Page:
(RxWiki News) There are a lot of alcohol-related dangers involved with alcohol misuse. People don’t have to be addicted or dependent on alcohol before getting some help.
A recent study looked at the potential for short behavioral counseling sessions to help people with risky drinking behavior. Results found counseling sessions sparked a reduction in drinks per week and binge drinking.
"Talk to a therapist if you misuse alcohol."
Daniel E. Jonas, MD, MPH, assistant professor of medicine at the University of North Carolina at Chapel Hill, North Carolina, led the investigation.
For the study, researchers looked at databases from 1985 to 2012 to select controlled trials of behavioral counseling for risky drinking behavior.
Participants were identified in a primary care setting as practicing some level of alcohol misuse, but not having alcohol dependence.
Once identified, participants were asked to attend short 10-15 minute behavioral counseling sessions to address their alcohol misuse for at least 6 months.
A total of 23 studies from the database fit the criteria.
In 10 of the studies, which included 4,332 participants, alcohol consumption was reduced by an average of 3.6 drinks per week after counseling.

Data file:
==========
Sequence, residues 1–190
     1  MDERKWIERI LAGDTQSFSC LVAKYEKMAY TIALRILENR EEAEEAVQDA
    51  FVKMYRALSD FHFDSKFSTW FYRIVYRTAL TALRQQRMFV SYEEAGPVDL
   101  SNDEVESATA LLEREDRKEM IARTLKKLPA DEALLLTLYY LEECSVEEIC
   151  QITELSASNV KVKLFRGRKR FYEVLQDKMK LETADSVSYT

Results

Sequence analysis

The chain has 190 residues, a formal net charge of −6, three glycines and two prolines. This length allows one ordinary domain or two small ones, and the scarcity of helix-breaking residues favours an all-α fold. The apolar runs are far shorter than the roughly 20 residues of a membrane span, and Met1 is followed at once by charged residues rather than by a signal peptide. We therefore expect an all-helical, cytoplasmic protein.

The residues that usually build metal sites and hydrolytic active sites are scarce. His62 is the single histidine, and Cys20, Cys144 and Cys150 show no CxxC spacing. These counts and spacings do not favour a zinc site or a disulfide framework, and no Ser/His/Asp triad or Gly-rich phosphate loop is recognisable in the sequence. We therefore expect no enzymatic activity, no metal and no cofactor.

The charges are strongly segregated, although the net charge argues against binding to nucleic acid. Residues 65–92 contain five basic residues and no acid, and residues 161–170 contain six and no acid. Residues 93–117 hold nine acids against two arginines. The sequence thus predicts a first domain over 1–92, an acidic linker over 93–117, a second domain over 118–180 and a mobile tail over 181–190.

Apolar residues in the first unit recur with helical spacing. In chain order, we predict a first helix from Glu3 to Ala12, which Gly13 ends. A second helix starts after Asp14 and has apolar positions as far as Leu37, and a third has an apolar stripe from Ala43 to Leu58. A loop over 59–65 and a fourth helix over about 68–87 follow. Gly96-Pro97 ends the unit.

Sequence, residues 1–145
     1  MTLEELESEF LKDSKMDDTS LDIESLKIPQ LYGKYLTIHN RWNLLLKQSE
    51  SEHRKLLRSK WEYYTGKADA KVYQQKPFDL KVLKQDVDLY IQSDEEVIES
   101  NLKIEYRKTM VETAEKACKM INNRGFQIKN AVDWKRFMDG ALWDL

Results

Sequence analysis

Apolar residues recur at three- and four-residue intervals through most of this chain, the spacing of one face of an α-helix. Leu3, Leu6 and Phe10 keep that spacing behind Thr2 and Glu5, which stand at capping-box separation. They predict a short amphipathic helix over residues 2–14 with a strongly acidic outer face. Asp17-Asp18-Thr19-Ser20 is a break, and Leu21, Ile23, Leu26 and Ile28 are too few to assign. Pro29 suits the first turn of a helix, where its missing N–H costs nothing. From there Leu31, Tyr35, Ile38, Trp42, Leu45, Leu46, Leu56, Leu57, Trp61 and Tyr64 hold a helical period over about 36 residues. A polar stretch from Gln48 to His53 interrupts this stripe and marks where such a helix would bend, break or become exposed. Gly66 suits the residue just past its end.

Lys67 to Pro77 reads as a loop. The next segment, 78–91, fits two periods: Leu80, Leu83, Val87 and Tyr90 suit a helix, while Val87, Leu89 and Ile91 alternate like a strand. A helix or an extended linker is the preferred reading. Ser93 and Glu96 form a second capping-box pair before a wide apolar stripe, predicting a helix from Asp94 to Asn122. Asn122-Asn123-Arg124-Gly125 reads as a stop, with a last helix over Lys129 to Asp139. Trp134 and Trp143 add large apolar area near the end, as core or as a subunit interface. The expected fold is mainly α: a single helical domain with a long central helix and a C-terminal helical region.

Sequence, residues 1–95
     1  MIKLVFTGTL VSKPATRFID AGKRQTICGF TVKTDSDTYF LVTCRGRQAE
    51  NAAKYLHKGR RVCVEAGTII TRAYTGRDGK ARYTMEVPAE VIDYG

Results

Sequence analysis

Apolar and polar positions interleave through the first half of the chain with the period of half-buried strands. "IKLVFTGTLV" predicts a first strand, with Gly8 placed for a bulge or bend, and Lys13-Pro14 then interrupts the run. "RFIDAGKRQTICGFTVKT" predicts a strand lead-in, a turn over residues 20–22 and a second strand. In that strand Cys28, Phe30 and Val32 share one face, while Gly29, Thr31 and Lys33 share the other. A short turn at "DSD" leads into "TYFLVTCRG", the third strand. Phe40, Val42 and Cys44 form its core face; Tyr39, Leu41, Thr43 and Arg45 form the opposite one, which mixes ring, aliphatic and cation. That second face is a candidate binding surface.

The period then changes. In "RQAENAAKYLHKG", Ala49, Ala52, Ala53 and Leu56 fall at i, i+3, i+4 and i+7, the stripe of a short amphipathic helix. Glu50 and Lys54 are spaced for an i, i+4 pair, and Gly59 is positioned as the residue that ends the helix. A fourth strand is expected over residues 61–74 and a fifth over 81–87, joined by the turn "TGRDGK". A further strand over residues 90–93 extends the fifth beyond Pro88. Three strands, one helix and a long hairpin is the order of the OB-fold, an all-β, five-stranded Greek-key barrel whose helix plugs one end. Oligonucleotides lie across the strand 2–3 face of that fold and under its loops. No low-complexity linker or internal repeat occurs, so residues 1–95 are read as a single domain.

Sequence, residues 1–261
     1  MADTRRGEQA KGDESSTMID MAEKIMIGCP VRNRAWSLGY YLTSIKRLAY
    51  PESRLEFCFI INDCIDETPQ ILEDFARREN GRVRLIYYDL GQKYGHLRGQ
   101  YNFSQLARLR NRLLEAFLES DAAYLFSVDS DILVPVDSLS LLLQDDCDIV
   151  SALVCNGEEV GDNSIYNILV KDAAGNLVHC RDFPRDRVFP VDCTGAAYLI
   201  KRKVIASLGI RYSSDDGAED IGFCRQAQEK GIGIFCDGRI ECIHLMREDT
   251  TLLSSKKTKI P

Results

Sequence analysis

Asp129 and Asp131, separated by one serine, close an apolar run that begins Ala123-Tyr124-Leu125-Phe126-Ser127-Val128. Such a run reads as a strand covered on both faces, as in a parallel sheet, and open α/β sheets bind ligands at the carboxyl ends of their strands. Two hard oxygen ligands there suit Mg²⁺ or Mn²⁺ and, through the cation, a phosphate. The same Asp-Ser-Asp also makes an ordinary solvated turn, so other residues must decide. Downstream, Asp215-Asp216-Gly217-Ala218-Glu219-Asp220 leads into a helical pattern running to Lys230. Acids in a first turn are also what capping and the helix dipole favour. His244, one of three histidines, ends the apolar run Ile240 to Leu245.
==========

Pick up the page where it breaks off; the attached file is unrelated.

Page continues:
In seven of the studies, with a total of 2,737 participants, 12 percent of the group cut out heavy drinking binges after counseling.
In nine of the studies, including 11 percent of the 5,973 participants reported drinking less than the limits set by recommendation.
All of these results were totaled after 12 months of brief counseling sessions compared to the start of the programs.
Authors noted that these results were also found in college kids.
As alcohol misuse contributes to accidental deaths, injuries and alcohol-related health problems, it has been ranked the third leading cause of preventable death in the U.S.
Authors said, “Behavioral counseling interventions improve behavioral outcomes for adults with risky drinking.”
Brief behavioral counseling sessions could be a cost-effective way to help lower risky drinking behavior and improve health and safety in the U.S. population.
This study was published in September in the Annals of Internal Medicine.
Funding was provided by the Agency for Healthcare Research and Quality, no conflicts of interest were reported.